Open University Marks 50th Anniversary

The Open University (OU) is marking 50 years since it was established, having welcomed more than 200,000 students from Scotland.  In 1969 the institution was granted its Royal Charter as a means to provide access to higher education without the need for entrance qualifications.  Today the university, founded by Lochgelly’s Jennie Lee, has 16,500 students from across Scotland.  Susan Stewart, director of the OU in Scotland, said: “The OU is for all, all of the time – not some, some of the time. There’s no such thing as a typical OU student, but what they all have in common is lots going on in their lives.  The OU gives students the flexibility they need to study at a time and place that suits them, developing the skills they need not just to adapt but thrive in an economy increasingly driven by technological change.  That has been the OU’s greatest strength for 50 years and will continue to be for the next 50.”  OU students in Scotland have an average new undergraduate age of 27, while the eldest is 92.  Almost two-thirds receive the Scottish Government’s Part-Time Fee Grant, which waives fees for students earning under £25,000.  This is despite the fact that 74% of OU students in Scotland study alongside full-time or part-time work. Carol Hunter, from Dunfermline, who is studying Social Sciences with the OU, said: “I went to a traditional university straight after school and it didn’t work out for me.  Later, I went to college, where I discovered it was possible to transfer my college study to the OU.  Flexible learning with the OU provides a balance between my studies and personal life: I can learn, work full-time and be there for my three young children. I don’t think I could do that anywhere else.”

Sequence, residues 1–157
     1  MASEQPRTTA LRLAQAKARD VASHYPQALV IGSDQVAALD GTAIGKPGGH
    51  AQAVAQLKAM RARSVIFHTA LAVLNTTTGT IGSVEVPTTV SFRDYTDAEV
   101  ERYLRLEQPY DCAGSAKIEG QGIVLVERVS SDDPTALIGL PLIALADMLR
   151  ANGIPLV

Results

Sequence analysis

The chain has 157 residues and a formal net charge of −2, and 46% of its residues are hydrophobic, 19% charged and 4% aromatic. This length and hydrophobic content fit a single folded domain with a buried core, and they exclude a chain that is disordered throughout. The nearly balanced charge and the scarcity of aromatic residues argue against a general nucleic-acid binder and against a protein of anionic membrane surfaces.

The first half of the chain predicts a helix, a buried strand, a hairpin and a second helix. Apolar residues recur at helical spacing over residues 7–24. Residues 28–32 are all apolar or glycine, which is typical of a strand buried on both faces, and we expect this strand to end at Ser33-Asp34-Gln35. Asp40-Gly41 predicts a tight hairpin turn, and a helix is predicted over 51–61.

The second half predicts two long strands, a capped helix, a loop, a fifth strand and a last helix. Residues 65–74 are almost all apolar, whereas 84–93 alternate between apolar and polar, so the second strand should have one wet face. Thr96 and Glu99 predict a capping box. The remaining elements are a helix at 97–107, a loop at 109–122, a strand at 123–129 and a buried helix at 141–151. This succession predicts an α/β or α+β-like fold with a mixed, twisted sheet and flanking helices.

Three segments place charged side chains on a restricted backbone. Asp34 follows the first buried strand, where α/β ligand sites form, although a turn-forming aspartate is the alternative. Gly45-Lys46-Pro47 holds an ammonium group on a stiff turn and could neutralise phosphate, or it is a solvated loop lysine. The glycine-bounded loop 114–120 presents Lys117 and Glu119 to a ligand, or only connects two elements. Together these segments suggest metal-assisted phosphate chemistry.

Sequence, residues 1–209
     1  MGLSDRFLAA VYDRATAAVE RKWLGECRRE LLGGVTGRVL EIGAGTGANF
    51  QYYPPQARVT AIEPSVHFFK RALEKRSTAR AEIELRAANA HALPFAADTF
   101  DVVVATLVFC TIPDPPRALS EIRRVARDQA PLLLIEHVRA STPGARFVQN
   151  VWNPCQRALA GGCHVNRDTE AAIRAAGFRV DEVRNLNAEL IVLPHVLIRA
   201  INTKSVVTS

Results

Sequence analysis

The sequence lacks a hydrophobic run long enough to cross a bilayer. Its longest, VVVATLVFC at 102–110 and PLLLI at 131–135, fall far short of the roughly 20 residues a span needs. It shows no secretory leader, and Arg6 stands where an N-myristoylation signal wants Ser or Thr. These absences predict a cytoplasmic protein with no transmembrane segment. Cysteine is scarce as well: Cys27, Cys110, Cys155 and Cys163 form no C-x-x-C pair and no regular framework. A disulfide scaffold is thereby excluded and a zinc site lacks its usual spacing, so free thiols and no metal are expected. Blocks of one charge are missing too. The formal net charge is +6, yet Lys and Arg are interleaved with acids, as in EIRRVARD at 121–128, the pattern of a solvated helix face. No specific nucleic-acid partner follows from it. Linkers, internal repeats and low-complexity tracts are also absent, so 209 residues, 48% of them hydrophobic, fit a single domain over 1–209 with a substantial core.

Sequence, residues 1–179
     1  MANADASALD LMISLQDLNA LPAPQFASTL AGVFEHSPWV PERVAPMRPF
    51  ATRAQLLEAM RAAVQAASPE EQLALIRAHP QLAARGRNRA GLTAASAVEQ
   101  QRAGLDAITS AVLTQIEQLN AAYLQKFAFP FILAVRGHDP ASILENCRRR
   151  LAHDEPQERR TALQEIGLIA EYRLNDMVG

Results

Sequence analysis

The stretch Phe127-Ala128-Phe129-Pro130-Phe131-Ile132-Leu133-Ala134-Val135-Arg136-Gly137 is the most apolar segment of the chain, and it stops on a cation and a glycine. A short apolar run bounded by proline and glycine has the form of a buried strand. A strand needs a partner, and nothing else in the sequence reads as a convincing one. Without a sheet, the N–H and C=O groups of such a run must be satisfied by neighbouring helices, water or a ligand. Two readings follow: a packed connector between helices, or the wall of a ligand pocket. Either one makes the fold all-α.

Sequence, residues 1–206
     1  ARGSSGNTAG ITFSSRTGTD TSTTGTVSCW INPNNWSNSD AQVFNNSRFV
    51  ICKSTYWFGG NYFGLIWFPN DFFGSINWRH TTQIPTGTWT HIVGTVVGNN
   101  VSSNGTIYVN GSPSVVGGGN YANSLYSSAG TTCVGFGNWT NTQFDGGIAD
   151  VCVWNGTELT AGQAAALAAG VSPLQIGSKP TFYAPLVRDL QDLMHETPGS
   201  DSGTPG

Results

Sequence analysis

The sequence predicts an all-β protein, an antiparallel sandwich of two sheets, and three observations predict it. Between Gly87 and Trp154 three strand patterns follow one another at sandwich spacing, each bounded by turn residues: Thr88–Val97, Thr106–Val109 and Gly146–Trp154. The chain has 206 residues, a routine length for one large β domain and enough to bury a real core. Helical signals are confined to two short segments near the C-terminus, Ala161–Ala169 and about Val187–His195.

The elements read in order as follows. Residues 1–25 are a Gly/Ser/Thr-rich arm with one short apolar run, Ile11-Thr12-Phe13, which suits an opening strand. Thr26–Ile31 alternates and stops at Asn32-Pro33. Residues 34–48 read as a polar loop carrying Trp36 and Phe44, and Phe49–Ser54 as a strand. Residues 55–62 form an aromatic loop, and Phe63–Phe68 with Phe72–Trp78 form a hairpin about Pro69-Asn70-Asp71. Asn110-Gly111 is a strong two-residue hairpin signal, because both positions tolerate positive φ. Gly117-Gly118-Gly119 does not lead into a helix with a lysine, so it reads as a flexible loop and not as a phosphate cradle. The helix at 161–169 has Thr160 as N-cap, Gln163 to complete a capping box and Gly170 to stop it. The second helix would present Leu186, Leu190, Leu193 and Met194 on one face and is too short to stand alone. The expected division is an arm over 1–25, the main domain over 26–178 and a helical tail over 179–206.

UK Westminster Government 'Will Not Grant Indyref2 Consent'